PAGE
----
Be sure to get permission before you step on anyones land. It's not hard to get permisson, just ask! I have never been turned down yet. Just explain what you would like to do, and why. Don't tell a farmer that you collect arrowheads because they are worth lots of money. No one likes a stranger making money off of them. Just tell the farmer that it's just a hobby. Always respect the landowner and their wishes. Some landowners/farmers don't want you on their land when crops are planted, but it is ok during layover time (winter) to hunt. Most farmers don't take kindly to some stranger stomping all over their freshly planted crops. It's always better to get permission and reassure the farmer that you won't "stomp his beans".
Creek hunting is an enjoyable way to hunt points. I like creek hunting during the summer, when the fields are un-huntable. Creeks with lots of rocks may seem impossible to hunt, but they are not. You just have to have a good eye. I only hunt creeks that I can walk down, I avoid creeks big enough you have to use a boat. It's just too much hassel, and too many places you have to look. I like the small brooks or "cricks" as we say down south. Hunt creeks near indian sites or hilly areas. Runoff from farms, or off hills, carries points into the creeks.
I love to hunt riverbanks of large rivers. I hunt the Tennessee River a lot. Indians camped all up and down the river, so points are pretty common. The Tennessee River was a small river at one time. The TVA built a series of dams, causing the river to grow quite large. Many former indian sites are under water, but many are ridges that are being washed or undercut. I like to hunt the banks near known indian sites that are being washed away. You have a better chance of finding large points, and whole points.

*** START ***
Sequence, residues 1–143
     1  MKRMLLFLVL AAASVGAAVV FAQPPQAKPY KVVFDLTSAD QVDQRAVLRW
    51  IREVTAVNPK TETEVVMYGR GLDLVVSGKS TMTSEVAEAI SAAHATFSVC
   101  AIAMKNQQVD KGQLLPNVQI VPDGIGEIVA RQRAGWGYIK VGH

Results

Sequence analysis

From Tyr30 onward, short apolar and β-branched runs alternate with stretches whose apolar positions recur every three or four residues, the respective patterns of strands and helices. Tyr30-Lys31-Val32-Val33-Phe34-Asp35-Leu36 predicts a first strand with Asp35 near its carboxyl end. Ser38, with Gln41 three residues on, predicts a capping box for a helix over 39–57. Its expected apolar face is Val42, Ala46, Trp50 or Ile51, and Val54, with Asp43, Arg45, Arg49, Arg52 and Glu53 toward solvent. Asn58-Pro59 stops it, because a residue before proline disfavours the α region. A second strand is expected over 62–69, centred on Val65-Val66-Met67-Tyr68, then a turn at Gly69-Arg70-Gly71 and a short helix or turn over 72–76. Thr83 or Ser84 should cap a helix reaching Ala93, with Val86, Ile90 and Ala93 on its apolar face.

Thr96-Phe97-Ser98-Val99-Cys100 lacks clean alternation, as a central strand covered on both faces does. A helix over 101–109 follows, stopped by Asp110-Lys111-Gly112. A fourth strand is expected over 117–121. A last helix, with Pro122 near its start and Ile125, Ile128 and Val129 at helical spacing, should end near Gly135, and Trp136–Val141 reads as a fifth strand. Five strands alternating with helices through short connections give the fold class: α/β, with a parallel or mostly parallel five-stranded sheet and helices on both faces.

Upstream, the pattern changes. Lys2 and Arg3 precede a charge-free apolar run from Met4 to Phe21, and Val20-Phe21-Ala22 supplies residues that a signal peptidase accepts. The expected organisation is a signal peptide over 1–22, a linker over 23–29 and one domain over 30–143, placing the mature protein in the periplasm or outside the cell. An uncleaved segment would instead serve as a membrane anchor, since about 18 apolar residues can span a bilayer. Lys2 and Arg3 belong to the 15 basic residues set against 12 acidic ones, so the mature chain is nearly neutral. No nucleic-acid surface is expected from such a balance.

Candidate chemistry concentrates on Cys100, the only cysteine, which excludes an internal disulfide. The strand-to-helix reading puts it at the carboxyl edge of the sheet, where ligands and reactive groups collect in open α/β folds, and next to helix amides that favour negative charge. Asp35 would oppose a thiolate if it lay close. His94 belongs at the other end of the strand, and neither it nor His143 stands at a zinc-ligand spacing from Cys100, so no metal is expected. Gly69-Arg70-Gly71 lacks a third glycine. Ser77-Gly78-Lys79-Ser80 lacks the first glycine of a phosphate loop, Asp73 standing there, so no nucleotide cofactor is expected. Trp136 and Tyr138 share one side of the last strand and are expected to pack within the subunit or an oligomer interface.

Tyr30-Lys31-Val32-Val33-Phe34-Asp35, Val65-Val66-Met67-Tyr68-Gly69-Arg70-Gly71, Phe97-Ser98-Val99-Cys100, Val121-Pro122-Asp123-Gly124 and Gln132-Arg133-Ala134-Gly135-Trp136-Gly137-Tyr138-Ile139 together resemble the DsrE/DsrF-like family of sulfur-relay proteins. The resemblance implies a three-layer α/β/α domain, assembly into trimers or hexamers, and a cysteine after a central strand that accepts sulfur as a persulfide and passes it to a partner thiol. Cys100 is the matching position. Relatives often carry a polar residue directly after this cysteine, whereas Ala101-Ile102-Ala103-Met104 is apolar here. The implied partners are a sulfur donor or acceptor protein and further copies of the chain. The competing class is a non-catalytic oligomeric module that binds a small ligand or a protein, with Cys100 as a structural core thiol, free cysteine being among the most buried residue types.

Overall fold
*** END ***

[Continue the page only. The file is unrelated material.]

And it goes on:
Something I have never done, but all of my friends do, is sandbar hunt. They hunt the Mississippi River/Tennessee River sandbars. I have seen some nice points from sandbars. If you know where one is, check it out some time.
Stay away from sand. Spend your time on gravel bars. The rocks hang up the points. Once in a while I will find a point in the sand but I find a whole lot more in rocks. It seems the bigger the rocks , the bigger the points. I hunt in the winter alot with hip waders. people keep the river banks stomped flat, but the best finds are out in the water. The river that I look in is farely clear because I look below a lake , so the water is still clear there. If you surface hunt on camps , most of the points are newer points because you are looking at the top layers. I still hunt camps because you find things there that you don't find in the river. But by far the finest points in this area come from the rivers.
Since I am still learning all of the time, I will periodicaly update this page when I learn something else. If you have a tip or an unusual way of hunting indian relics and would like to share this information, please email me. and I will post it here ASAP!
If anyone has any questions, comments, or tips for me, please email me.
If you just want to swap stories or if you want to tell me where any paleo sites are, I will welcome the e-mail whole heartedly!